Tele-ICU technology improves patient outcomes, study finds

A medical center reports fewer deaths and complications after remote monitoring was implemented.

By Kevin B. O’Reilly — Posted May 30, 2011

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Technology that helps physicians remotely track more patients in intensive care units also improves care outcomes, according to a Journal of the American Medical Association study published in May that contradicts research finding no benefit.

So-called tele-ICUs allow intensivists, critical care nurses, respiratory therapists and other critical-care experts to see patients on video, receive electronic clinical data on their progress and communicate in real time with the health professionals in the unit to make changes in care.

About 10% of hospitals use tele-ICU technology to provide 24-hour coverage and help make up for a nationwide shortage of intensivists.

But previous research has found that tele-ICUs do little to benefit patients, said Marc Freiman, MD, who presented the results of a meta-analysis of studies covering 40,000 ICU patients at the American Thoracic Society International Conference in May.

"We found no statistically significant difference in hospital mortality between critically ill patients who received ICU telemonitoring and those who did not, " said Dr. Freiman, an internist at Boston Medical Center.

However, the May 16 JAMA study -- not included in Dr. Freiman's analysis -- offered more encouraging results on the quality impact of tele-ICUs.

The study of nearly 7,000 ICU patients at the University of Massachusetts Memorial Medical Center in Worcester found improvements in mortality, lengths of stay, best-practice adherence and complication rates after tele-ICU was adopted.

"What we're comparing is a dead-asleep person at 2 a.m. taking a phone call from a nurse to a wide-awake person with an eight-screen monitor," said Craig M. Lilly, MD, lead author of the JAMA study.

"That person, on average, is going to give better care than the person at home who's asleep."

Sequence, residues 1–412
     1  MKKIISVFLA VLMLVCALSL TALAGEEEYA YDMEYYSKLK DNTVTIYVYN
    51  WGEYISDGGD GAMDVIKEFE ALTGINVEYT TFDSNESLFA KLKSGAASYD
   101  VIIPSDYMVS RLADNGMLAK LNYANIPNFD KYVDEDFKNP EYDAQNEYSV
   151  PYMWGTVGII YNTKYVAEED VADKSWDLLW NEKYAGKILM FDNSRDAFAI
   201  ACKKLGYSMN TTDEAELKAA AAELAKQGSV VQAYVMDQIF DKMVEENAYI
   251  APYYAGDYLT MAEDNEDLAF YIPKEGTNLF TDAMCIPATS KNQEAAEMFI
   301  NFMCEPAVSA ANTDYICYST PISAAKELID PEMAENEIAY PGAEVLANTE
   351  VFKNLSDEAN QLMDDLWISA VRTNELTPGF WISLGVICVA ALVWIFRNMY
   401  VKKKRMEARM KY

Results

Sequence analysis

The mortality rate dropped from 13.6% to 11.8% after tele-ICU was implemented, and length of stay in the ICU fell from 13.3 days to 9.8. Also, adherence to best clinical practices for preventing deep vein thrombosis rose from 85% to 99%. Before tele-ICU, 1% of the intensive care patients had ventilator-associated pneumonia. The pneumonia rate dropped to 0.6% of patients after ICU telemonitoring was implemented.

"It's quite an important study," said Derek C. Angus, MD, MPH, a JAMA contributing editor and chair of the Dept. of Critical Care Medicine at the University of Pittsburgh School of Medicine. "The tele-ICU intervention was not just a camera, but a whole set of best-practice protocols organized live with auto prompts and alarms, with that re-engineering of care to make sure nothing's forgotten."

It cost about $7.1 million to set up tele-ICU at UMass Memorial Medical Center and about $3 million to operate, said Dr. Lilly, professor of medicine, anesthesiology and surgery at the University of Massachusetts Medical School. The costs were recouped within the first year due to higher patient volume enabled by shorter ICU stays, he said.

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Intensive care, from a distance

Remote ICU management helped a Massachusetts medical center keep tabs on patients and follow evidence-based best practices. Here is how the center handled various care processes before and after tele-ICU.

Before tele-ICU Using tele-ICU
Bedside monitor alarms Alerts on physiological trends and abnormal laboratory values; review of response to alerts; off-site team rounds
Daily goal sheet Electronic detection of nonadherence; real-time audits of nurses and teams
Telephone case review Review at remote workstation includes EMR, imaging studies, interactive audio and video of patient and assessment of response to therapy

Source: "Hospital Mortality, Length of Stay, and Preventable Complications Among Critically Ill Patients Before and After Tele-ICU Reengineering of Critical Care Processes," The Journal of the American Medical association, published online May 16 (link)

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External links

"The Effect Of The Electronic ICU And Telemedicine On Hospital Mortality For Critically Ill Patients: A Meta-Analysis," scientific abstract presented at the American Thoracic Society International Conference, May 16 (link)

"Hospital Mortality, Length of Stay, and Preventable Complications Among Critically Ill Patients Before and After Tele-ICU Reengineering of Critical Care Processes," The Journal of the American Medical Association, published online May 16 (link)

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